|Before Tax (%)
|After Tax (%)
Source: Congressional Budget Office (2014)
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Economists learn early that consumption, not income before taxes and transfers, is a main concern of consumers. Present and future consumption depend on the after-tax and -transfer share, called disposable income. I cannot think of a valid reason for using income before taxes and transfers in all Piketty’s calculations. He is wrong, and it is misleading.
Inheritance is one of Piketty’s main concerns. He quotes frequently from Balzac’s novels about the problem of heirs living idle lives as rentiers. But how real is that now? The Rockefeller, Mellon, Morgan, and other fortunes of the turn of the century went not to perpetuate family wealth but to expand and upgrade the National Gallery of Art, the Metropolitan Museum, and other famous institutions like the Metropolitan Opera. Then there are colleges and universities, and art museums and other cultural institutions around the country. Bill Gates and Warren Buffett have given much of their wealth to charitable foundations, encouraging others around the world to do the same. If that doesn’t happen in Piketty’s native France, perhaps the problem is that the incentives for donating are wrong. Piketty points out that the annual inheritance in France is about 2.5% of total private wealth…but never makes clear why this is a cause for alarm.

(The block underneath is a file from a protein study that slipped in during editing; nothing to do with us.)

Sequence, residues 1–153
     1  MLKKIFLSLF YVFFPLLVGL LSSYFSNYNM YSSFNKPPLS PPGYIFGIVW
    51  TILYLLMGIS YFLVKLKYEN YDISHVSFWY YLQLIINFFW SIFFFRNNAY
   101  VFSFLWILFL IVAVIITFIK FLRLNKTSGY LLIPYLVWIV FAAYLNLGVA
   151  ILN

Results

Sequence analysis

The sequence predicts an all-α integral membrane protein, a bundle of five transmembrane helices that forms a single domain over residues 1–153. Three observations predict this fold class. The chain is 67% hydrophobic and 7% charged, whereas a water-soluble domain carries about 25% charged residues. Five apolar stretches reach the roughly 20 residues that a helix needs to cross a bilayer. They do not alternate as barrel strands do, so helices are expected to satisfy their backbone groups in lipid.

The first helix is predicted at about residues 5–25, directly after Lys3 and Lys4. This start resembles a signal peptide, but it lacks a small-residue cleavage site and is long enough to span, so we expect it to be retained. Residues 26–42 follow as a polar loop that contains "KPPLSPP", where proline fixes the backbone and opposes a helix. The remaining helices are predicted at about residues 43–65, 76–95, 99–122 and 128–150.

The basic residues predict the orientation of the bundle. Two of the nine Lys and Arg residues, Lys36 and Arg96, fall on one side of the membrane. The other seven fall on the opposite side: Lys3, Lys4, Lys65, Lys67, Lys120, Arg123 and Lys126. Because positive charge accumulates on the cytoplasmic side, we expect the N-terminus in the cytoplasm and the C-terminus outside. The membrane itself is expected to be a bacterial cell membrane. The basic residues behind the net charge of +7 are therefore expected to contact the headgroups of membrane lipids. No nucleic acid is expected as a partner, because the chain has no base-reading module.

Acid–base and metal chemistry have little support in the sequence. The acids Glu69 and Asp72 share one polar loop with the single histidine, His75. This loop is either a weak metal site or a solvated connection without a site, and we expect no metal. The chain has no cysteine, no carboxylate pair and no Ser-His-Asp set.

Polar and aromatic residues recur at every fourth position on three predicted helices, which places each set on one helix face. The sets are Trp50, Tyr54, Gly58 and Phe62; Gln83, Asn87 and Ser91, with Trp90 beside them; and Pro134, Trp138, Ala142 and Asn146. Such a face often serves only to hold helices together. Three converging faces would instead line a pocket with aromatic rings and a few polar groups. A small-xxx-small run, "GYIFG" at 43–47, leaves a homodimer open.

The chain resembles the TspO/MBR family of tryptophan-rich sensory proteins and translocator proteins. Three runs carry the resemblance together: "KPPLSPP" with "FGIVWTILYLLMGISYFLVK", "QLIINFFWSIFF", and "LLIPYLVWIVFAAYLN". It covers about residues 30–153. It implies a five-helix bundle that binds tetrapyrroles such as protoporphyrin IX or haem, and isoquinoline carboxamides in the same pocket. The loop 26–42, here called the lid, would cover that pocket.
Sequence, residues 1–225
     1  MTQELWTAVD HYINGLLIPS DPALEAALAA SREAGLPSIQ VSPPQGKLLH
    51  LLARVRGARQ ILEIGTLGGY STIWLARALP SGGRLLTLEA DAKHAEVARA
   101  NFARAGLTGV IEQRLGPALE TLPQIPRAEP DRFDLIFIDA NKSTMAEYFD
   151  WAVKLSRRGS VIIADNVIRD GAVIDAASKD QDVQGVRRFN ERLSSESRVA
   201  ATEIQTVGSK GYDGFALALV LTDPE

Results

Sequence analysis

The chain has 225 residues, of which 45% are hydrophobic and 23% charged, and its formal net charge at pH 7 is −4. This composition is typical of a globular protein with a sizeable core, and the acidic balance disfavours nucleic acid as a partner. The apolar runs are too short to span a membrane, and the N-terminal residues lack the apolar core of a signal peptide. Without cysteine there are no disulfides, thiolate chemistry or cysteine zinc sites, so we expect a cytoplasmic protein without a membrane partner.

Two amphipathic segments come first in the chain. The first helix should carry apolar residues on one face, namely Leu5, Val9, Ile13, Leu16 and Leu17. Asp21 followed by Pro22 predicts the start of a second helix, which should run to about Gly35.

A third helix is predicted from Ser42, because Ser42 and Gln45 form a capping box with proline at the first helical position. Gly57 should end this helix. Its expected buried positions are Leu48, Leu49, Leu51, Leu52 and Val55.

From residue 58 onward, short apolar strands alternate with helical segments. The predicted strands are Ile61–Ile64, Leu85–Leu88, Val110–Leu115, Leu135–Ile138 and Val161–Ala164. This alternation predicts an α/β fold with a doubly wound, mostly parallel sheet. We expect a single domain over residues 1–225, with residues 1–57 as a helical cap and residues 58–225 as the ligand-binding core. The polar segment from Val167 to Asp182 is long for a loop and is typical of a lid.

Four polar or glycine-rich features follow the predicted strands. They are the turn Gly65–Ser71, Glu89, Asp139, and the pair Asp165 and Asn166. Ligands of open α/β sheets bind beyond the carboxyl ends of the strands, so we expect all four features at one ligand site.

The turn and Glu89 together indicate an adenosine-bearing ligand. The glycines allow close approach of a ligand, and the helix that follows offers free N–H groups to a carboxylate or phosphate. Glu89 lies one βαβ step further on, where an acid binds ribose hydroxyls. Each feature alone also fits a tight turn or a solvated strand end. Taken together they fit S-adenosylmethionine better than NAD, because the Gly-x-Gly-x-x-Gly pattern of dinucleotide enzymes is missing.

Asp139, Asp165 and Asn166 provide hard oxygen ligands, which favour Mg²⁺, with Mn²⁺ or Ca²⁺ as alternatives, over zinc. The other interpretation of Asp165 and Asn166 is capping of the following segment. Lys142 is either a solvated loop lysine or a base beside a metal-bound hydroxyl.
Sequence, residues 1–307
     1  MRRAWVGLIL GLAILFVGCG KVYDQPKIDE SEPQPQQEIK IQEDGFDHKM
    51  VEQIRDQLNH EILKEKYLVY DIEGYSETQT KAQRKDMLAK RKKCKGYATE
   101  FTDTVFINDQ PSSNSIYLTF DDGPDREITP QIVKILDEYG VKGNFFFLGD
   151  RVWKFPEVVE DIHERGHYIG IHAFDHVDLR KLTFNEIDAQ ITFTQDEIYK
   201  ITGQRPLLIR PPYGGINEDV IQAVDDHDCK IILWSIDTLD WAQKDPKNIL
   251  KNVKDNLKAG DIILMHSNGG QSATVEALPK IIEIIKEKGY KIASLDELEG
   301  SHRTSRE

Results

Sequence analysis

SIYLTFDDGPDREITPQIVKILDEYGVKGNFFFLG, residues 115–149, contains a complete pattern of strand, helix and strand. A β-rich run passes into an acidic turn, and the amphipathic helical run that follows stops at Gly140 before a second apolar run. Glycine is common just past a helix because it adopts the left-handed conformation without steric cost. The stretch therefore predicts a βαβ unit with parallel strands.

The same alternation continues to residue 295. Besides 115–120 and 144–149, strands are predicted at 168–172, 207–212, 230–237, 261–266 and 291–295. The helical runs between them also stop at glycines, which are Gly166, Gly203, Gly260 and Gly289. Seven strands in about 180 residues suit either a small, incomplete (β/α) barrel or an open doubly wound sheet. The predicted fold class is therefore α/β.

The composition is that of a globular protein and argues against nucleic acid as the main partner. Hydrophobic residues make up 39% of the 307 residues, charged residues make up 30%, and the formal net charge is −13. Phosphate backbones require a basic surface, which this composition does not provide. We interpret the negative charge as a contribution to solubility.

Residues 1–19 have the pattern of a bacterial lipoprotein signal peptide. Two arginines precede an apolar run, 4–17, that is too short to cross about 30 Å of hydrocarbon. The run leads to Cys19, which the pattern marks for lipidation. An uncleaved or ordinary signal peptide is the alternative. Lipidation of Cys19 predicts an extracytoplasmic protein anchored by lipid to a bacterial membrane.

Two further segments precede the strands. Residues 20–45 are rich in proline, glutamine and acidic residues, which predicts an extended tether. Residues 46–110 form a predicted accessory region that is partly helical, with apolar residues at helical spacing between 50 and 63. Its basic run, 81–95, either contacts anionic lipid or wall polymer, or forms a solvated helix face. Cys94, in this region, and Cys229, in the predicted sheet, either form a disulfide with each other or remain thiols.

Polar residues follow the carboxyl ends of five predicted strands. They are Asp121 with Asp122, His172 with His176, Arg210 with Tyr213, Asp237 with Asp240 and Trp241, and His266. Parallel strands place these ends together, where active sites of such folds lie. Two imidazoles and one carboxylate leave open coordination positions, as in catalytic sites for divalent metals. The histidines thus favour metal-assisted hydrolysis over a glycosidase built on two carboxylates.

Piketty is not a complete Marxist. He shows, for example, that Marx’s claim about capital satiation (excessive capital stock) is unlikely to be true. But he makes the same two major errors that Marx made. First, he focuses almost entirely on capital and income from capital. His major point is that the return earned by capital has been about 5% for much of recorded history. If so, it is almost always above the growth rate of income, causing capital to accumulate over time. Like Marx, he believes the rentier capitalists will gobble up more of the slowly growing income as the income distribution shifts ineluctably in their favor. “The central thesis of this book,” Piketty writes, “is precisely that an apparently small gap between the return on capital and the rate of growth can in the long run have powerful and destabilizing effects on the structure and dynamics of social inequality.”